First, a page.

“In Wonder, Auggie is used as a prop to teach those around him about acceptance and compassion. The official movie description deems him ‘the most unlikely of heroes.’ But what is he a hero for, exactly? For living with a disfigured face? For not getting angry when he’s subjected to cruel and intense bullying on a daily basis? For going through traumatic medical procedures? You may find someone inspiring for how they handle a certain situation, or the humor they use to cope with adversity, for example.
“The mere existence of individuals with facial disfigurements or differences is not inspirational. We are so much more than the props we’ve been turned into, designed to make non-disfigured individuals feel better about their lives. Our stories matter and our experiences matter, and to portray our lives and struggles as nothing more than a source of inspiration encouraging those without craniofacial disorders to feel better about themselves, is a great disservice to everyone in the cranio community.”
2. Redemptive Cripple
Romanska describes the “redemptive cripple” as an offshoot of the “inspirational cripple”—in which the disabled character dies, sometimes by suicide or murder. “Disabled characters are sacrificed to prove their worth or to help the protagonist reach his goal,” said Romanska.
Roscigno calls this trope “kind of a hybrid of a couple of different models: one where the person themselves are redeemed, or [the other] where they redeem others”:
“There’s two versions of [the redemptive cripple]. There’s one where people view disability as some sort of moral failing. Like, ‘you are disabled, you didn’t try enough.’ And so you know, people will ‘overcome their disability.’ And then there’s another version where the child or you know, person’s disability becomes a redemptive arc for their caretaker.”
3. Magical Cripple
The “magical cripple” trope is essentially the disability version of the popular (and racist) “magical Negro” cliche. Just as a “magical Negro” character exists only to serve the white protagonist—think Uncle Remus in Song of the South—with wisdom and lessons that help them develop and grow, a “magical cripple” character is used as “a plot device … to guide the lead character toward moral, intellectual or emotional enlightenment,” said Romanska.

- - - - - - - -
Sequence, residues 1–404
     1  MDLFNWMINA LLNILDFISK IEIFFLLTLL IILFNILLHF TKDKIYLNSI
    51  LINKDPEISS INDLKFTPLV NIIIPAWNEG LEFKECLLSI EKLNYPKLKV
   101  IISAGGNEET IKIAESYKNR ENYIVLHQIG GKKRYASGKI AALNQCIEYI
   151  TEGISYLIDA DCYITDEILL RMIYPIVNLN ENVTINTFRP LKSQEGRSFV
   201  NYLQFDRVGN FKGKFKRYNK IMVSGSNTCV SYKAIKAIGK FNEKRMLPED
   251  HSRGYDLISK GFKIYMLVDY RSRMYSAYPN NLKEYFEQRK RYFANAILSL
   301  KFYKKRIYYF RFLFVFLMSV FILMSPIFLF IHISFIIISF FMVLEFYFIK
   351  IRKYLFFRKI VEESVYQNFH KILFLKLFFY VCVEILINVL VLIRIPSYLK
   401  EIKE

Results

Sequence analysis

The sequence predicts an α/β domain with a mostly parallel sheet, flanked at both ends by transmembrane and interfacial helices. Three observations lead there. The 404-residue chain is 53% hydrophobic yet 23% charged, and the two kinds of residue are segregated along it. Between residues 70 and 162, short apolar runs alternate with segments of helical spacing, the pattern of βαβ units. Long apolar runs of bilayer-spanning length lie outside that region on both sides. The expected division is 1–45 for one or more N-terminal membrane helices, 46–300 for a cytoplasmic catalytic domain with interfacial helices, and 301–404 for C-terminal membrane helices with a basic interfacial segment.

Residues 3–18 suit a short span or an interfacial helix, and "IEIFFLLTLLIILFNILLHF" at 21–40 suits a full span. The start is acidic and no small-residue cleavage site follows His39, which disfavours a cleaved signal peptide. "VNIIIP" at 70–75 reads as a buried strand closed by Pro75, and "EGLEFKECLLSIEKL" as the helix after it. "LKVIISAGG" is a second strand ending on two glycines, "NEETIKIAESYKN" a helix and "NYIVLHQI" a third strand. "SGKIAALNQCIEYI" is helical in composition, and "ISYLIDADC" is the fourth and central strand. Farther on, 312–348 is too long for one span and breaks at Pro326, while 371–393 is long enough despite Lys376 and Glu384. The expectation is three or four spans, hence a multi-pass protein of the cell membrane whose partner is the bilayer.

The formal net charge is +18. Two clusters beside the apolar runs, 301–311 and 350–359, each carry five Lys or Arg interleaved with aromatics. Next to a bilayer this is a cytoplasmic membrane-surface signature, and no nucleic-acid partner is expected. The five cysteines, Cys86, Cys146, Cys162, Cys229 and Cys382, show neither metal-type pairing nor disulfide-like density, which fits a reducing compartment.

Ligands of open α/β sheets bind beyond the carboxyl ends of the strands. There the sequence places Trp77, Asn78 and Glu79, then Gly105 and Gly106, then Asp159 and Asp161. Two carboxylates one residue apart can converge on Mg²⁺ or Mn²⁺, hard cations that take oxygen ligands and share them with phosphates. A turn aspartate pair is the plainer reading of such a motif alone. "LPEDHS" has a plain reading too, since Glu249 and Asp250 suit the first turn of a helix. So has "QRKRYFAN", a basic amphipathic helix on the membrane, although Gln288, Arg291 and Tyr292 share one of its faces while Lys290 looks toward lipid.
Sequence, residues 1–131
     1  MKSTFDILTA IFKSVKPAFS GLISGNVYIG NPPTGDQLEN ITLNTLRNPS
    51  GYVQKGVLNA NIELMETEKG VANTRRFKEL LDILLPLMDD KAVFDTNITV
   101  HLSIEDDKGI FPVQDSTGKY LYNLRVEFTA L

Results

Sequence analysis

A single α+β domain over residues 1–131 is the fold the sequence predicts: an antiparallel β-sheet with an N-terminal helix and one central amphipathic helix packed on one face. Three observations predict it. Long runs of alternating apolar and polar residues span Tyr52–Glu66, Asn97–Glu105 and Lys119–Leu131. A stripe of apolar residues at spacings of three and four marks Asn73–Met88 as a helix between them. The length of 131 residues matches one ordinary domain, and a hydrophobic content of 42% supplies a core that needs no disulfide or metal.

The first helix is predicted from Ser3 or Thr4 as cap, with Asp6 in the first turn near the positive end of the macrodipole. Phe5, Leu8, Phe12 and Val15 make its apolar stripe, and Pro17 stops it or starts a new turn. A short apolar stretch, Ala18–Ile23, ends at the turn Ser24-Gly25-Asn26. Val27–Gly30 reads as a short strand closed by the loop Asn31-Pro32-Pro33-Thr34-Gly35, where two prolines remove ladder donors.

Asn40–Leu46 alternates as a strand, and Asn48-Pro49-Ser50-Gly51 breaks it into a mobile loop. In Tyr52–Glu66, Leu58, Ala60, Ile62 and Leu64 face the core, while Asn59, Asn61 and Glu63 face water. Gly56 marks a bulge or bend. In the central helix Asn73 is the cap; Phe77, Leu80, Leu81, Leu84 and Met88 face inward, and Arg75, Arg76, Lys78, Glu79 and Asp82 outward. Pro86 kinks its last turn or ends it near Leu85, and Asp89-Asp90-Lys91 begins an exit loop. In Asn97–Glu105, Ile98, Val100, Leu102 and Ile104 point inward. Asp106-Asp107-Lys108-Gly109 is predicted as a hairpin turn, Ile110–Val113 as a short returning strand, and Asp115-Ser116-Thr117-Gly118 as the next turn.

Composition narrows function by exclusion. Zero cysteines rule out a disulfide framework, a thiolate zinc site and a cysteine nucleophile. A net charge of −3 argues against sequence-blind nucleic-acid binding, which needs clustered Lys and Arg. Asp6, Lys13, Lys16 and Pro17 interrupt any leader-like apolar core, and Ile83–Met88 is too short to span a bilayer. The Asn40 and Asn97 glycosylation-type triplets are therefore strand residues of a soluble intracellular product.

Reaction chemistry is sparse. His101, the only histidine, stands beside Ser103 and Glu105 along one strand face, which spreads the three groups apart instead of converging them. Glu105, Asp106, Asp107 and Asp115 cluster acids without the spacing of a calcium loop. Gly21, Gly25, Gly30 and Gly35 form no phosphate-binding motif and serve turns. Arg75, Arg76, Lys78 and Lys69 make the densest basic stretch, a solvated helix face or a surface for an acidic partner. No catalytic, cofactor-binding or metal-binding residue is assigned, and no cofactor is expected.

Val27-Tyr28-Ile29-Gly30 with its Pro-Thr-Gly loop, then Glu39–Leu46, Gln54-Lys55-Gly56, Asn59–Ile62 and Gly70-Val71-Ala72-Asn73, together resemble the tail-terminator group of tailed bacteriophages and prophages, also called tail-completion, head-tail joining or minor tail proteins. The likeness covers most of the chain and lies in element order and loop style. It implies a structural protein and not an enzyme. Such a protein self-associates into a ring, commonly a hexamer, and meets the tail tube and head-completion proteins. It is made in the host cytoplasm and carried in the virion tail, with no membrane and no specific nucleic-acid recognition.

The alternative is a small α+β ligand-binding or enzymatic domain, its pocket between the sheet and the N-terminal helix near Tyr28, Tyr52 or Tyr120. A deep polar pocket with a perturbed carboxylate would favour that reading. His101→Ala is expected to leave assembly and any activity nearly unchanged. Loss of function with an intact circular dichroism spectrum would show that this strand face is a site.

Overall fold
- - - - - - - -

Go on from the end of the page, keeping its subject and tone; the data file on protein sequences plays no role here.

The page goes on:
“Magical cripples transcend the limitations of the human body and are almost divinelike,” she continued. “They make magical things happen for able-bodied characters. … The magical cripple doesn’t learn anything and doesn’t grow because he already is enlightened.”
According to Roscigno, the “magical cripple” character doesn’t have any agency and does not receive a full narrative portrayal from the screenwriters or even anyone watching it: “It becomes more about disabled stories existing only to serve non-disabled audiences.”
4. Evil Cripple
Lastly, the “evil cripple” archetype is one of the less-talked about disability archetypes. Rooted in Greek mythology “populated by half-man half-beasts who possess pathological and sadistic cravings,” the “evil cripple” according to Romanska, “represents a form of karmic punishment for the character’s wickedness.”
A modern example of this trope is presented in the horror film Us, in which Academy Award winning actress Lupita Nyong’o uses what she said was “inspired by” spasmodic dysphonia, a voice disorder that causes involuntary spasms to the vocal chords, to create a “creepy voice” for her character Adelaide’s evil double Red (also played by Nyong’o).
Many autistic people say this archetype is less seen in depictions of autistic characters. Others, like Roscigno, have a different interpretation of the trope.
“It’s like the whole, like, ‘trapped inside my mind’ narrative with autism. People kind of tend to perpetuate that autism is somehow like in closing or, you know, shielding like your real child that is somehow underneath all of that,” said Roscigno.
Impact on Disabled People
Because of the constant inaccuracy in these portrayals of disability, as well as a lack of media that includes accurate representation, the general public’s image of disability becomes distorted to the reality and nuances of what disability looks like.